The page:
7) There are those out there who simply DEMAND that students read, say , Willa Cather’s My Antonia, or some other classic that some school board has chosen.  In your mind, are there books that kids should be FORCED to read- whether they like it or not?

What I see is quite a bit of “assigning” that’s done based upon tradition – we’ve always done it this way or I always teach that book to 7th graders.  I think we have to think about teaching literature more like this: What text can I use that will help develop skills in my kids so that they can go out and independently read, comprehend, discuss, argue about, write about that text without support in the real world?  While the text is critical, we do want to avoid being so attached to the text that it loses is academic value.

Of COURSE there are certain pieces of text/works of literature that should be essential for any American student to have read, but I think HOW we teach it and read it is important to think about.  Motivation behind the “why are we reading this” question is highly under-prepared for, I find.

The Common Core Standards are going to continually require us to step-up the focus on learning stamina, persistence and motivation and those “intangibles” that are so important to having academic success.  So motivating students, giving them a purpose for reading, exciting them about text that they wouldn’t ordinarily find interesting is imperative for teachers.  This goes for textbooks, too!  We need to teach kids to use the literature as tools to gather information, not just as enjoyable pieces of fun.  That sounds horrible to say, but it’s true!  I have to read things all the time that I wouldn’t choose to read, but it’s a part of my job or other responsibilities related to being an adult.  We’ve got to teach kids this skill.  Stick-to-it-ive-ness is crucial for our kids moving ahead.

8) You mentioned the Common Core Standards.  What do you think we’re overlooking as we train teachers on how to use the Standards and to support the implementation of them?

I find that folks are either totally under-reacting or totally over-reacting to the Common Core implementation.  Some of our clients see the Standards as another fad or pendulum swinging thing that they will endure.  Others are contacting publishers and trying to buy anything with a “Common Core Standard Aligned” sticker on it. (Note: DON’T DO THIS!)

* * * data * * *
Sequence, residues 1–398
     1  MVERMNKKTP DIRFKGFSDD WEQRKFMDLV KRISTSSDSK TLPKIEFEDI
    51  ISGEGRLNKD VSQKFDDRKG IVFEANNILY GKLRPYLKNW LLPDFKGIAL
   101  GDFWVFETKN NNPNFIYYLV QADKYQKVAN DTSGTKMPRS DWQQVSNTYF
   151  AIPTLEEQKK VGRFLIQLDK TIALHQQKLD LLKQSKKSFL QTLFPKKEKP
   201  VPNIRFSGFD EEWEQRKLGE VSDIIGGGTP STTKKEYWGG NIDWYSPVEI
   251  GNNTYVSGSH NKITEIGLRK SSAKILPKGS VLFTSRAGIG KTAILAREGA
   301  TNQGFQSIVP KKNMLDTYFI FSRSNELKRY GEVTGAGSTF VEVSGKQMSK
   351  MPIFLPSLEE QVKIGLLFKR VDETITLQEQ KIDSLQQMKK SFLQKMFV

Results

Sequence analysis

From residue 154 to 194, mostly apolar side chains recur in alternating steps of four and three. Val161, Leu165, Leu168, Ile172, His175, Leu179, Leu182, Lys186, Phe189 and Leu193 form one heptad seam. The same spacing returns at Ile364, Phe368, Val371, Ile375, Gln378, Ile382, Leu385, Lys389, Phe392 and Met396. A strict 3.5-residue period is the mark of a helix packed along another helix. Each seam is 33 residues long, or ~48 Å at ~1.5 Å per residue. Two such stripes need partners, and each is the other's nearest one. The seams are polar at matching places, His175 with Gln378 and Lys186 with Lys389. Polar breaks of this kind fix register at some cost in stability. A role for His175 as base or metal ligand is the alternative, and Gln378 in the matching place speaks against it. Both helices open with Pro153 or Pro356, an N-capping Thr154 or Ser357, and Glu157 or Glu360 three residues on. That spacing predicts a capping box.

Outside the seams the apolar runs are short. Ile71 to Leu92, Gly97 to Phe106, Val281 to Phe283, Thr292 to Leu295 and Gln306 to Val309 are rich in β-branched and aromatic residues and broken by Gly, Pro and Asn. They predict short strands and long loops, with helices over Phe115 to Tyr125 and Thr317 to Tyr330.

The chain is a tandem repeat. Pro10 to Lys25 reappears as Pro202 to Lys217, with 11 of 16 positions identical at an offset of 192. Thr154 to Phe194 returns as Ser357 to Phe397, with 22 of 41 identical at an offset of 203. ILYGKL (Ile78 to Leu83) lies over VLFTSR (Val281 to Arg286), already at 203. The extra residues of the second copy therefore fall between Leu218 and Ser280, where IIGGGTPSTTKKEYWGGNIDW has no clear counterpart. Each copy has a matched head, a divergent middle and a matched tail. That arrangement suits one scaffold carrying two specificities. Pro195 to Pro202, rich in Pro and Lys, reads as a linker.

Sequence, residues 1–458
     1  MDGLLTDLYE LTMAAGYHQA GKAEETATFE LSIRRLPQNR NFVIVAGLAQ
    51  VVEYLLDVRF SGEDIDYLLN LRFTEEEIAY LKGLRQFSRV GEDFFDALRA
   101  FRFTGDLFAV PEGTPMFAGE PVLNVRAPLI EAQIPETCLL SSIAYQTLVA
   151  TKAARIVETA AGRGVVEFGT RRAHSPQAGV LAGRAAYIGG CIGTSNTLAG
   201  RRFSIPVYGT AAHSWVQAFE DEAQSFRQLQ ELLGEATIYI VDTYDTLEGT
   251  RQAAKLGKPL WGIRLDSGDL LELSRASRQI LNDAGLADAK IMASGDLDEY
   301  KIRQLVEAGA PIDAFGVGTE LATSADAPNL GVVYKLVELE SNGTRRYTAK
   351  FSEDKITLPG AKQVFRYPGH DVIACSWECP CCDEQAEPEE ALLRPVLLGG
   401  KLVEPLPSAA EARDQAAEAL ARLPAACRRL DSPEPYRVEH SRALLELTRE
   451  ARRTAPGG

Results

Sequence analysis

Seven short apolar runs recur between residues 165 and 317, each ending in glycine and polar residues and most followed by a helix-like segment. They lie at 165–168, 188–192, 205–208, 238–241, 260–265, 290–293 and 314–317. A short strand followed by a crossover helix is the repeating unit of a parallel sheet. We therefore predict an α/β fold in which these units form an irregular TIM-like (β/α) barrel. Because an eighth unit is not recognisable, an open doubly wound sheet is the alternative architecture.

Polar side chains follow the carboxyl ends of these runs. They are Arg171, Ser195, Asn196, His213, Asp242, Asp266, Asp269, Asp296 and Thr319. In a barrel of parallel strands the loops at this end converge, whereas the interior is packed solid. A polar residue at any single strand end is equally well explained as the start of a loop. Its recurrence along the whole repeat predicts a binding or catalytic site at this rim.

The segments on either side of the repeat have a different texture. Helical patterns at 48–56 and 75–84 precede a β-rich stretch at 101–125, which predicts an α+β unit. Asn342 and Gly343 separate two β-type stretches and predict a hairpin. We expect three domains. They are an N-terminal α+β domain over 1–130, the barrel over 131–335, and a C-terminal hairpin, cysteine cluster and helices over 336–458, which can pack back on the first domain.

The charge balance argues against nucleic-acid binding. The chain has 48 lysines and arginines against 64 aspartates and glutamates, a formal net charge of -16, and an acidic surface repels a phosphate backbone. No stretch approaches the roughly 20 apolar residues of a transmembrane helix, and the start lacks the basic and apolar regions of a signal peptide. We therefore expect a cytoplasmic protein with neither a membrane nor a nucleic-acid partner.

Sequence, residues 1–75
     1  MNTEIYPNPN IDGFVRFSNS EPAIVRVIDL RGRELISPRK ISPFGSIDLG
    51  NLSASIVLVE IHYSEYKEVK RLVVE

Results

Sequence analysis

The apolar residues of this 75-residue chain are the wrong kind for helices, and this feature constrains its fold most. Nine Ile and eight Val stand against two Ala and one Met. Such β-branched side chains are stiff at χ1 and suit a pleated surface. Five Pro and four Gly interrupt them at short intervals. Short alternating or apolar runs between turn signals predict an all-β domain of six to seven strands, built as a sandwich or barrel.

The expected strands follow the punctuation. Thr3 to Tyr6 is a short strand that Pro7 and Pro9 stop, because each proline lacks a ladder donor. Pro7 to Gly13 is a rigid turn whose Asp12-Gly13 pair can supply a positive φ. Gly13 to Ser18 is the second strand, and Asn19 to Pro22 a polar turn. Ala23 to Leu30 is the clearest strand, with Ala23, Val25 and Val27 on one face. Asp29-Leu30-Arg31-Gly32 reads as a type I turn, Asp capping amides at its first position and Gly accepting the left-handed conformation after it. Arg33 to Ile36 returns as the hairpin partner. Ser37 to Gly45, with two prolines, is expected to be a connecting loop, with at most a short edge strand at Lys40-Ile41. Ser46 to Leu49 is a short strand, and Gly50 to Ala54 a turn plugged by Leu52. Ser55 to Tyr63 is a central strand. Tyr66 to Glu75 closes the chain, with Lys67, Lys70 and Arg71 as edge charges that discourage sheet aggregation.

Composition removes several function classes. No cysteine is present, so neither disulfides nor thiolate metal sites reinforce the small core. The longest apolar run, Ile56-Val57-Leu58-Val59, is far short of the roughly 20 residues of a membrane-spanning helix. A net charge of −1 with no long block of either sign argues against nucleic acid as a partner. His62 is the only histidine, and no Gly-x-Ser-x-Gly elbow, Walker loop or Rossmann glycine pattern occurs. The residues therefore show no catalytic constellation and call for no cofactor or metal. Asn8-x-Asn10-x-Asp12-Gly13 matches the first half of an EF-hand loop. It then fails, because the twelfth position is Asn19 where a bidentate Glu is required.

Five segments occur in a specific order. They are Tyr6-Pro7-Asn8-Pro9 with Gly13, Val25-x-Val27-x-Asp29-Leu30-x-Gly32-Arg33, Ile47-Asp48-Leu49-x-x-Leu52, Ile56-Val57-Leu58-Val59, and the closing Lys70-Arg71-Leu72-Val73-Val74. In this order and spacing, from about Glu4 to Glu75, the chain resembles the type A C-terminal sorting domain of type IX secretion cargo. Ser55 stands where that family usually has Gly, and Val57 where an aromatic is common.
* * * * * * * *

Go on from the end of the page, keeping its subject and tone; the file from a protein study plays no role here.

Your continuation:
I see our biggest challenge being changing the way we deliver the instruction.  We’ve had so many standards implementation efforts that changed the “what”, but none that have systematically required us to deliver the content differently in the classroom.  I hope that we’re getting really comfortable with the idea that there will be little place for the stand-and-deliver lecture with follow-up done as homework.  Or little place for teachers to be the sage-on-the-sage and doing everything for the kids.  Or little place for kids who are well behaved but don’t speak during class.

These kinds of instructional delivery changes excite me because we have had too many kids attending class, but not engaging in it for too long.  I’ve all along thought that by having kids more highly engaged (and with changing little else), we would have tremendous results – and the Common Core is going to require us to step up to the plate and apply what-works kind of techniques, not teacher-style driven teaching techniques.  It’s a huge undertaking, but it’s exciting!

Jill Jackson is Owner and Managing Director of Jackson Consulting, a full-service literacy consulting and school improvement company serving the Nation’s lowest performing/high-poverty school districts.  Jill and her team specialize in telling it like it really is as they analyze and refine leadership, coaching and teaching practices for increased student performance through professional development and on-site consulting services.  Many clients have achieved exponential growth in student achievement during their partnership with Jill and Jackson Consulting.  Come grab Jill’s free tools at or send her a tweet at or post on her wall at